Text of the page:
The Assyrian Empire was very powerful for about 300 years (900-612 B.C.). Nineveh was it's capital city. It began its rise to a world power about the time of the Division of the Hebrew Kingdom at the close of Solomon's reign. It was God's will for the Assyrians to conquer and deport the Northern Kingdom of Israel because it was a fulfillment of what God said He would do to them if they worshipped Satan through idol worship
    (Deuteronomy 29:24-27). A short list of Assyrian kings who reigned include:

    Under Assyrian King Shalmaneser II (860-825 B.C.), the Assyrians began to attack Israel (the Northern Kingdom).

    God ordered His prophet, Jonah, to Nineveh. He preached to them because they were headed in the wrong spiritual direction. They repented and were headed in the right direction. The Book of Jonah was written between 800-750 B.C. from somewhere in the northern kingdom (this was in the early 8th century B.C.).

    Assyrian King Adad-Nirari (810-782 B.C.) was possibly the King of Nineveh when Jonah preached to the populace of Nineveh. This king took tribute money from Israel.

    It appears that the revival that started via the preaching of Jonah lasted through the reigns of
    Assyrian King Shalmaneser III (782-772 B.C.) and
    Assyrian King Ashur-dan III (772-755 B.C.).
    But then the Assyrians made wrong choices and headed in the wrong spiritual direction. They became corrupt and once again they became violent, wicked, and immoral as a people.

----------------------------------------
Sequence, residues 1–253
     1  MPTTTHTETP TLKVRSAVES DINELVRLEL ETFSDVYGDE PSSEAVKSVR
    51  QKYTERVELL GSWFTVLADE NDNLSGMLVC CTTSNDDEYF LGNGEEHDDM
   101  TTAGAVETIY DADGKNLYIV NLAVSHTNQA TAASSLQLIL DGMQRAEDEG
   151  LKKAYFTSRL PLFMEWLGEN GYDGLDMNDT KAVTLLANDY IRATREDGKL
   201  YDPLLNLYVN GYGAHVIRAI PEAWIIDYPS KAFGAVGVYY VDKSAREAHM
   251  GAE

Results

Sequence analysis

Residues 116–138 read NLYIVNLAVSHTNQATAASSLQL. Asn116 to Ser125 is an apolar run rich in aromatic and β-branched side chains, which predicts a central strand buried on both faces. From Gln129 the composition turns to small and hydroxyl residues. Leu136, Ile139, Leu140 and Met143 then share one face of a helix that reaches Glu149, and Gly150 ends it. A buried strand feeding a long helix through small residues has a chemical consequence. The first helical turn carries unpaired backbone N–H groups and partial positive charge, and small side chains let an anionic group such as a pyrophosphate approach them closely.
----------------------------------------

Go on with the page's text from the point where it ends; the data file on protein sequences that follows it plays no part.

Assyrian King Tiglath-pileser III (747-727 B.C.) deported most of the Israelites from the Northern Kingdom of Israel to Assyria. How did this happen?
    Between 740-722 B.C. (about an 18 year period of time) Assyria invaded the Northern Kingdom of Israel and the Southern Kingdom of Judah. To the east of the Jordan, Assyria took as slaves the folks of the tribes of Reuben, Gad, and the half tribe of Manasseh. On the west side of Jordan, Assyria conquered most of the rest. The first major deportation of folks from Israel to Assyria took place in approximately
    734-732 B.C. (over a 2 year period of time).

    Assyrian King Shalmaneser (727 to 722 B.C.) sent his army to the capital city of Israel, Samaria, and besieged it.
    In 722 B.C. Assyria destroyed Samaria, the capital of Israel, after a lengthy 3 year siege
    (2 Kings chapter 17). The major deportation(s) of the folks from Judah to Assyria took place between
    729-724 B.C. (about a 5 year period of time).

    Assyrian King Sargon II (722-705 B.C.) deported the rest of the folks in Judah to Assyria.

    Assyrian King Sennacherib (705-680 B.C.) sent his army to the Southern Kingdom of Judah to conquer Jerusalem. This took place about
    699 B.C. but his army was destroyed by God at that time at Jerusalem. The prophet Isaiah prophesied against him. In other words, God killed most of his army while they were preparing to attack Jerusalem and this king retreated to Nineveh.
    In 680 B.C. King Sennacherib died in the temple of Nisroch.

    Jerusalem was not conquered at this time. Jerusalem, as the capital of Judah, would continue to exist for another 150 years or so past the fall of the Northern Kingdom. Instead of learning their lesson from watching the fall of Israel (the Northern Kingdom), they repeated the mistakes of Israel and eventually ended up the same way under the Babylonians.

    The Assyrian King Esar-haddon (681-668 B.C.) ruled, and then, the Assyrian King,
    Assur-banipal (668-626 B.C.) ruled. Thebes in Egypt fell in 663 B.C. to the Assyrian army.

    For another 100 years or so Assyria continued to be powerful and arrogant but then it's decline started. There was fighting in Assyria. Assyria was invaded and began its decline around 625 B.C. The book of Nahum was written between 663-612 B.C., after the fall of Thebes.

    Asshur, the ancient capital of Assyria fell in 614 B.C. to the Medes and Persians.

    King Sennacherib's great grandson, Saracus, was the last king of Nineveh. It is thought by many that the prophet Nahum prophesied against Assyria while this king was ruling.